class rage speaks
Ruminations on the personal experience of being poor and my journey toward being fully myself in spite of classism's silencing and setbacks. Here's to feeling a little less alone.
I mention this because it’s an issue that I have trouble with as a direct result of having grown up poor. But being someone’s houseguest has always caused me a huge amount of stress.
In my house, growing up, there were six of us kids and my parents in three bedrooms- three kids in the girls’ bedroom, three in the boys’. We had no guest bedroom, and only one bathroom for everyone. The few times in college that people I knew came to visit, they had to sleep on an air mattress in the dining room, and couldn’t shower because our shower is cold and unreliable and mildewy.
In middle school and high school, I never, never felt comfortable bringing friends home- only my boyfriend, and only after I had known and trusted him for a while. I was ashamed to be so poor, to have my house be so small and broken-down and messy from the stress of having to fit so many people into so small a space.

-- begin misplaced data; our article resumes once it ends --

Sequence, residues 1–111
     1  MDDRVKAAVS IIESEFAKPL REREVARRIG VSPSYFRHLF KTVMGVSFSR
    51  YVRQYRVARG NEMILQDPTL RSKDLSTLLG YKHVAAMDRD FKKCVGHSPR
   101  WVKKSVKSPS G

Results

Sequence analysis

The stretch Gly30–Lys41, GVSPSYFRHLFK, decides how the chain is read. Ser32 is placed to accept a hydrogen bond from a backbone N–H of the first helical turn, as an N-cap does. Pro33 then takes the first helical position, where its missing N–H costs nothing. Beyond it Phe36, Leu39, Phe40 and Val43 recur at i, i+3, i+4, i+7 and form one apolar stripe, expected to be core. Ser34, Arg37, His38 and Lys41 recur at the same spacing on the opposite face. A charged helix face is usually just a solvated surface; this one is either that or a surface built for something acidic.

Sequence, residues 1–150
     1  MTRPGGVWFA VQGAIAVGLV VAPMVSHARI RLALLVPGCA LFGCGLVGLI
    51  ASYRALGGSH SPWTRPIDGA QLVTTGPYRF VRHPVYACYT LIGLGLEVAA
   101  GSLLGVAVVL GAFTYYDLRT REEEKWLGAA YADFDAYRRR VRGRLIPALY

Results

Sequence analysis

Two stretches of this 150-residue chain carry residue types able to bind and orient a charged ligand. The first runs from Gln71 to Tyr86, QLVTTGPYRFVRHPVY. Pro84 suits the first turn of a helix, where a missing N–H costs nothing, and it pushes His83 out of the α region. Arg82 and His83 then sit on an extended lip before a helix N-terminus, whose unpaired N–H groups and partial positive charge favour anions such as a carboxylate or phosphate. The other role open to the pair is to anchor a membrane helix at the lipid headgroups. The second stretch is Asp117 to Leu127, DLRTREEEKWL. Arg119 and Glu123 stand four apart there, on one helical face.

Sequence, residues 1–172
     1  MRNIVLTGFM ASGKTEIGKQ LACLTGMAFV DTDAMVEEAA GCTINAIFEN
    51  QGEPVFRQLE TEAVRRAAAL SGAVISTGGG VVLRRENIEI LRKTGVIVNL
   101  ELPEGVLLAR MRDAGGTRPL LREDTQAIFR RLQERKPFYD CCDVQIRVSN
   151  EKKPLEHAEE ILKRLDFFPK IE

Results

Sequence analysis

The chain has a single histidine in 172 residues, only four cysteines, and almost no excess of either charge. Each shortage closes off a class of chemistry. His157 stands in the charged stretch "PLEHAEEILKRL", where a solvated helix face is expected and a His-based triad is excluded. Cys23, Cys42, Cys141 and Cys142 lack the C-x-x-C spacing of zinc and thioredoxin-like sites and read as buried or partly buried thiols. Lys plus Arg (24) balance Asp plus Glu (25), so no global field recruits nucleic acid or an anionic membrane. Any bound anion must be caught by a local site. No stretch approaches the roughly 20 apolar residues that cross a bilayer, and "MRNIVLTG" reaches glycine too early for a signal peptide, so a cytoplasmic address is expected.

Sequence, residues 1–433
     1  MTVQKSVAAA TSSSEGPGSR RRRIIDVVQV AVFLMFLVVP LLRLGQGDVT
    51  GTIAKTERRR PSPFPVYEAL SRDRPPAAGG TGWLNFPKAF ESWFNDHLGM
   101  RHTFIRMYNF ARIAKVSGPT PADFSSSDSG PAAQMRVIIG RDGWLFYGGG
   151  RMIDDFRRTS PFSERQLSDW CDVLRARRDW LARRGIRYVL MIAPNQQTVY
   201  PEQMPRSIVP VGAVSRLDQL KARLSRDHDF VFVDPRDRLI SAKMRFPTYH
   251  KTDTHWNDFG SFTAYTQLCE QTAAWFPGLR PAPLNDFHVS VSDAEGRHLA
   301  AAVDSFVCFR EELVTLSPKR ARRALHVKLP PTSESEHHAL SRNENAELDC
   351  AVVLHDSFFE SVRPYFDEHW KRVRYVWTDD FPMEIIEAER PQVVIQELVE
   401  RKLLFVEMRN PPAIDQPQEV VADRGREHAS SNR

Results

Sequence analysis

So having or being a houseguest is completely alien to me. I have a vague awareness of what it means- changing the sheets in the guest room, being polite to the guest in certain mandated ways, providing for their sustenance and entertainment while they’re staying with you.
The first time I spent Thanksgiving with my partner and his family, I was nervous and fearful the whole time. Should I bring my own towel? Should I make the bed when I got up in the morning? What should I say to people? What should I eat, and how? I worried that in something I said or did, I would betray myself- reveal my poverty and the lack of finesse in my upbringing, and inadvertently come off as impolite and stupid.
In the end, of course, it was okay- and I figure it usually is. But it was still intensely stressful to try and figure out how to navigate that role.